A fantastic bowl team under head coach Mike Leach, winning four of the last five with the one blemish a tough 13-10 Cotton Bowl loss to Alabama two years ago, and with last year's scintillating comeback win over Minnesota in the Insight Bowl still being talked about by Red Raider fans. Obviously, it's all about the high-octane offense, ranked second in the nation and first in passing, that could make this a must-see game, but it could also be the bowl's downfall if Tech gets rolling.

Does Virginia have nearly enough offense to keep up if the Leach attack gets up early? The Red Raiders average over 200 yards per game more than the Cavaliers, but if this doesn't become a runaway early on, the potential is there to be one of the day's top nail-biters if history is any indication.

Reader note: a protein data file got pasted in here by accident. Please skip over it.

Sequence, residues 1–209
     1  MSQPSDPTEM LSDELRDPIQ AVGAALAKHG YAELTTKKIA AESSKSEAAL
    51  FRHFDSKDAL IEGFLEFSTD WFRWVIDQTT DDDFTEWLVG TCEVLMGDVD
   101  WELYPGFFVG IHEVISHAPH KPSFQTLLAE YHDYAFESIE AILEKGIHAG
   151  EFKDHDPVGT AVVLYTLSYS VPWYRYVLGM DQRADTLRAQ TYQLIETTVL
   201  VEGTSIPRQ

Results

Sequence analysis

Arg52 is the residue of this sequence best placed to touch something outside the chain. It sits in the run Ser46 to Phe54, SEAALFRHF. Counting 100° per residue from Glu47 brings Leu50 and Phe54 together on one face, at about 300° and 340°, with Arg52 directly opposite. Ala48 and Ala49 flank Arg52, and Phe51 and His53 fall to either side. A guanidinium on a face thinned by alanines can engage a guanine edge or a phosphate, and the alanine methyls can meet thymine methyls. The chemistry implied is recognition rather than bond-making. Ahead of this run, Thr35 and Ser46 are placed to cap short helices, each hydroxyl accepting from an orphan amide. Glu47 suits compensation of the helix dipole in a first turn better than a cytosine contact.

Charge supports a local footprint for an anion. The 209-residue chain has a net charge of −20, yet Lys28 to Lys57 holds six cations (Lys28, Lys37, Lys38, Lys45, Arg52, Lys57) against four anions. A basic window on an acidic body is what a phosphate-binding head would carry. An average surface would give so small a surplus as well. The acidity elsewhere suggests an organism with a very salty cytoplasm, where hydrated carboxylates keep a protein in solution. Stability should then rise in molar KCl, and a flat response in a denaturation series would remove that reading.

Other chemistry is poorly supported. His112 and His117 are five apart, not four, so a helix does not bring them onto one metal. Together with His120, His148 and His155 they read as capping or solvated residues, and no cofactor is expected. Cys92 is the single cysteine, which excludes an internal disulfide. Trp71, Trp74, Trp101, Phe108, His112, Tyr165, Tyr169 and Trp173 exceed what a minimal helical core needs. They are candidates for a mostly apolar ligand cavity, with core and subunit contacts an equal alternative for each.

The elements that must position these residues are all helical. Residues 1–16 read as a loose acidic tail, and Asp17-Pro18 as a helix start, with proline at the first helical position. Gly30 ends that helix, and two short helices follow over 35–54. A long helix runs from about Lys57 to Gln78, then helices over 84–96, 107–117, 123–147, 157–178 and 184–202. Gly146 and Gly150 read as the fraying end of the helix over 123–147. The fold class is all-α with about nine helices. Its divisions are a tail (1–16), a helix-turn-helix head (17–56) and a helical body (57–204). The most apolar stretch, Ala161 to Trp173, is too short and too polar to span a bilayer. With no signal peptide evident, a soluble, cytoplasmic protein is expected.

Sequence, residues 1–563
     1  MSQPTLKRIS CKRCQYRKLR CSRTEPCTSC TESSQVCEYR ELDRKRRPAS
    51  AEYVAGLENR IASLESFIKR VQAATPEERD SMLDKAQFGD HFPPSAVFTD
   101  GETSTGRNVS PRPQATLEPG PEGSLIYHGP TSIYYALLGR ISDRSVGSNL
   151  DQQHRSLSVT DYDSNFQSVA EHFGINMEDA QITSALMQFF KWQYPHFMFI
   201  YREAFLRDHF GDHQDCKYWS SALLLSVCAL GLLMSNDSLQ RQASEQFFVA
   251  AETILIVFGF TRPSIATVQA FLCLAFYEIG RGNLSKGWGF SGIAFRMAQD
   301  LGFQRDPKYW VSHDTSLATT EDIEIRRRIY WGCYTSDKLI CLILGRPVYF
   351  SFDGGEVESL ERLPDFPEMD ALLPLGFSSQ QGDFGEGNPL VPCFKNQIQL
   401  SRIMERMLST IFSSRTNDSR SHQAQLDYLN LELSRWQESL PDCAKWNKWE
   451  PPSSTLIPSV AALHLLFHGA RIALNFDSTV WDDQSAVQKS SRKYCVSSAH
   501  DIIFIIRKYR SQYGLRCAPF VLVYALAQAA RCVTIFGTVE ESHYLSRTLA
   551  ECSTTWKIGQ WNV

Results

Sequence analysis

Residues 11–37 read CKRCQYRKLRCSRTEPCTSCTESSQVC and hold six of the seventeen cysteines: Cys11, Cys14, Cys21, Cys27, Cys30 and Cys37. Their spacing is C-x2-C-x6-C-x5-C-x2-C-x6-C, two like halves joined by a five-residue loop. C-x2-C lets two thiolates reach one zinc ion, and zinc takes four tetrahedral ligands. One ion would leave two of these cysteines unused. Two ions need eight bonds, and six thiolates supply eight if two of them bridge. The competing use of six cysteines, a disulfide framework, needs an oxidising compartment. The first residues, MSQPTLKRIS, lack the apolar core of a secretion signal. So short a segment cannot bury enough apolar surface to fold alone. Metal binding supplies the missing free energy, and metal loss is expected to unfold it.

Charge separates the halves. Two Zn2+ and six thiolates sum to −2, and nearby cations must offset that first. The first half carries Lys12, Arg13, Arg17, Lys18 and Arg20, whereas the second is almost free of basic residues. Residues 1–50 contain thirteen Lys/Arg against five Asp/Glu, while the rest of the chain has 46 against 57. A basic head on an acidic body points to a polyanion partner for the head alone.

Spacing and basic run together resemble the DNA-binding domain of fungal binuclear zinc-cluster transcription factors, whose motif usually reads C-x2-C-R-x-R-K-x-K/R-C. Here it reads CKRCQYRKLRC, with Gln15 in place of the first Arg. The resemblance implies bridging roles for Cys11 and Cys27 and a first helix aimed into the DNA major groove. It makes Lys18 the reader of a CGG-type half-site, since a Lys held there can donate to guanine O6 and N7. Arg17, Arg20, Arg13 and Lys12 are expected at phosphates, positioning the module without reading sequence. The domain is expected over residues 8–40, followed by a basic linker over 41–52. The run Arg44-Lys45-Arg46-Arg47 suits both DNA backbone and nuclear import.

Virginia, who has won three of its last four bowl games with the one loss an overtime choke to Fresno State in the 2004 MPC Computers Bowl, played in seven games decided by five points or fewer, and it has just enough defense, and plenty of time to prepare, to battle. It's not like the Tech offense is unstoppable. Shut down cold by Missouri, and slowed by Colorado, the potential is there for Virginia to bring this to its level and battle for a fill sixty minutes.

Virginia could have easily had a losing season, and been in search for a new head coach, had a few big breaks go the other way, but the team made its own luck with clutch play on both sides of the ball game after game, turned the pressure up defensively whenever a big sack was needed, and yeah, it came up with a little bit of offensive explosion with 44 against Pitt and 48 against Miami. The overall Virginia wins are better than they might appear, while the Texas Tech stats might be a little skewed.